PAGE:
Gasping for scares
DON’T BREATHE (MA15+)
Director: Fede Alvarez (Evil Dead) Starring: Jane Levy, Dylan Minnette, Daniel Zovatto, Stephen Lang
BY far and away the best horror film of the year, Don’t Breathe makes a little go a long, long way.
Consider the limited range of components novice Uruguayan filmmaker Fede Alvarez has elected to work with here. One rundown house on an abandoned street in suburban Detroit. Three amateur burglars in their late teens. One solitary resident who does not take kindly to uninvited visitors. His pet dog which feels very much the same way. A huge pile of cash.
In the wrong hands, all of this would make for about 30 minutes of must-see movie at most. The rest would be filler, and worse.
That just won’t be happening on Alvarez’s assured watch with Don’t Breathe. The combinations and permutations forensically applied to a very basic array of storytelling elements generate a wide range of clever and creepy results.
You don’t have to take the whole thing seriously, but you still will cop a right old roughing-up from some well-placed shocks and scares all the same. Let’s take a selective, spoilerfree peek inside that house shall we?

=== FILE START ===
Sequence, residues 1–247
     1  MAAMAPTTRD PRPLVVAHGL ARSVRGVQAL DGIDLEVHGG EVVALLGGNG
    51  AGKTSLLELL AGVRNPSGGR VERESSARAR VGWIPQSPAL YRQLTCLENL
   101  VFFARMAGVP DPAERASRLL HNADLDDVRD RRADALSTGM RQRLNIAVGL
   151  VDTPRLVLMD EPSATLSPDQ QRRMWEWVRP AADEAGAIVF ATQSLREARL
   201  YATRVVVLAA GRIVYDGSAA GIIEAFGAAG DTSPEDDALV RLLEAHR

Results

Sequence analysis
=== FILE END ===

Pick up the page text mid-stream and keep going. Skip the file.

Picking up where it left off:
Firstly, those three newbie crooks. Money (Daniel Zovatto) is a total thug who brings the mouth and the menace to the operation. Alex (Dylan Minnette) might have a conscience, and definitely has some skeleton keys nicked from his security-guard dad.
Then there is Rocky (Jane Levy), a woman who knows she needs that cash more than the others, and thinks she can live with the consequences.
Now for the victim-cum-villain who will be hosting the trio for the hellish evening ahead – he is listed in Don’t Breathe’s official credits under the name of The Blind Man (Stephen Lang). What this elderly gentleman lacks in sight, he more than makes up for with a sinister suite of selfdefence skills.
Not only does The Blind Man know every last centimetre of his home by way of pure instinct. He also harbours one very dangerous secret he would rather not be sharing.
Therefore The Blind Man’s abode has been pimped out as a bricksand-mortar booby trap. Dare to come inside, and you’re doomed to never leave. The running battle of wits and deployment of desperate measures depicted here is staged with nimble speed and nerve-shredding efficiency.
As director, Alvarez shrewdly manipulates extended periods of agonising silence and subtle shifts in (always dim) lighting to ensure you stagger away from this ordeal both intimidated and impressed.